Article  PubMed  ADS  CAS  Google Scholar 

  13. 13.

    Donati, F. et al. Magnetic remanence in single atoms. Science  352, 318–321 (2016).

    Article  PubMed  ADS  CAS  Google Scholar 

  14. 14.

    Kalff, F. E. et al. A kilobyte rewritable atomic memory. Nat. Nanotechnol. 11, 926–929 (2016).

    Article  ADS  CAS  Google Scholar 

  15. 15.

    Witte, G. & Wöll, C. Growth of aromatic molecules on solid substrates for applications in organic electronics. J. Mater. Res. 19, 1889–1916 (2004).

    Article  ADS  CAS  Google Scholar 

  16. 16.

    Maurer, R. J. et al. Adsorption structures and energetics of molecules on metal surfaces: bridging experiment and theory. Prog. Surf. Sci. 91, 72–100 (2016).

    Article  ADS  CAS  Google Scholar 

  17. 17.

    Eremtchenko, M., Schaefer, J. A. & Tautz, F. S. Understanding and tuning the epitaxy of large aromatic adsorbates by molecular design. Nature 425, 602–605 (2003).

    Article  PubMed  ADS  CAS  Google Scholar 

  18. 18.

    Temirov, R., Soubatch, S., Luican, A. & Tautz, F. S. Free-electron-like dispersion in an organic monolayer film on a metal substrate. Nature 444, 350–353 (2006).

    Article  PubMed  ADS  CAS  Google Scholar 

  19. 19.

    Schuler, B. et al. Adsorption geometry determination of single molecules by atomic force microscopy. Phys. Rev. Lett. 111, 106103 (2013).

    Article  PubMed  ADS  CAS  Google Scholar 

  20. 20.

    Toher, C. et al. Electrical transport through a mechanically gated molecular wire. Phys. Rev. B 83, 155402 (2011).

    Article  ADS  CAS  Google Scholar 

  21. 21.

    Green, M. F. et al. Patterning a hydrogen-bonded molecular monolayer with a hand-controlled scanning probe microscope. Beilstein J. Nanotechnol. 5, 1926–1932 (2014).

    Article  PubMed  PubMed Central  CAS  Google Scholar 

  22. 22.

    Kocić, N. et al. Periodic charging of individual molecules coupled to the motion of an atomic force microscopy tip. Nano Lett. 15, 4406–4411 (2015).

    Article  PubMed  ADS  CAS  Google Scholar 

  23. 23.

    Forbes, R. G. Physics of generalized Fowler–Nordheim-type equations. J. Vac. Sci. Technol. B 26, 788–793 (2008).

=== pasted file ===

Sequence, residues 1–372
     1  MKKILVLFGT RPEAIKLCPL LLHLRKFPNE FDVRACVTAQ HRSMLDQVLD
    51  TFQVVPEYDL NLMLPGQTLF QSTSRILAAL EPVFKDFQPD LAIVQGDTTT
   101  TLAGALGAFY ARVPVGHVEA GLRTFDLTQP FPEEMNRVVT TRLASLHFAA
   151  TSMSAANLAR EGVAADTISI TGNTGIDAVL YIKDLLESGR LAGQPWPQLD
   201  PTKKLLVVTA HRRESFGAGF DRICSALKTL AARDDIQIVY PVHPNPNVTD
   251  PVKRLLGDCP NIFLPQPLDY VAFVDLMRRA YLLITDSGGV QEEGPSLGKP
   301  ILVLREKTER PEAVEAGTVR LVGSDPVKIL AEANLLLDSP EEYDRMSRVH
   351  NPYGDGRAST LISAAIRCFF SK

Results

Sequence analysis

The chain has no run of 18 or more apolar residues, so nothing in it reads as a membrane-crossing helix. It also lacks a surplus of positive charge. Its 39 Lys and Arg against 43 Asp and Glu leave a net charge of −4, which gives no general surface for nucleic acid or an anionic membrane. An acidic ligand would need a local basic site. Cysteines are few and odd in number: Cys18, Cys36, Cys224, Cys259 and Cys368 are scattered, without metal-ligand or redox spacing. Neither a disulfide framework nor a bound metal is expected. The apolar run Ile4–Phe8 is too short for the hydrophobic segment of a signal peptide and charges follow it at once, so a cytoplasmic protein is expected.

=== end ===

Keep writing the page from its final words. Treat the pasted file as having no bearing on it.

Article  CAS  Google Scholar 

  24. 24.

    Gundlach, K. Zur Berechnung des Tunnelstroms durch eine trapezförmige Potentialstufe. Solid-State Electron. 9, 949–957 (1966).

    Article  ADS  Google Scholar 

  25. 25.

    Fink, H. W. Mono-atomic tips for scanning tunneling microscopy. IBM J. Res. Develop. 30, 460–465 (1986).

    Article  CAS  Google Scholar 

  26. 26.

    Oshima, C. et al. Young’s interference of electrons in field emission patterns. Phys. Rev. Lett. 88, 038301 (2002).

    Article  PubMed  ADS  CAS  Google Scholar 

  27. 27.

    Fève, G. et al. An on-demand coherent single electron source. Science 316, 1169–1172 (2007).

    Article  PubMed  ADS  CAS  Google Scholar 

  28. 28.

    Cocker, T. L., Peller, D., Yu, P., Repp, J. & Huber, R. Tracking the ultrafast motion of a single molecule by femtosecond orbital imaging. Nature 539, 263–267 (2016).

    Article  PubMed  PubMed Central  ADS  Google Scholar 

  29. 29.

    Longchamp, J. N. et al. Imaging proteins at the single-molecule level. Proc. Natl Acad. Sci. USA 114, 1474–1479 (2017).

    Article  PubMed  PubMed Central  ADS  CAS  Google Scholar 

  30. 30.

    Weiß, S. et al. Exploring three-dimensional orbital imaging with energy-dependent photoemission tomography. Nat. Commun. 6, 8287 (2015).

    Article  PubMed  PubMed Central  CAS  Google Scholar 

  31. 31.

    Gross, L., Mohn, F., Moll, N., Liljeroth, P. & Meyer, G. The chemical structure of a molecule resolved by atomic force microscopy. Science 325, 1110–1114 (2009).

    Article  PubMed  ADS  CAS  Google Scholar 

  32. 32.

    Schmidt, M. W. et al. General atomic and molecular electronic structure system. J. Comput. Chem. 14, 1347–1363 (1993).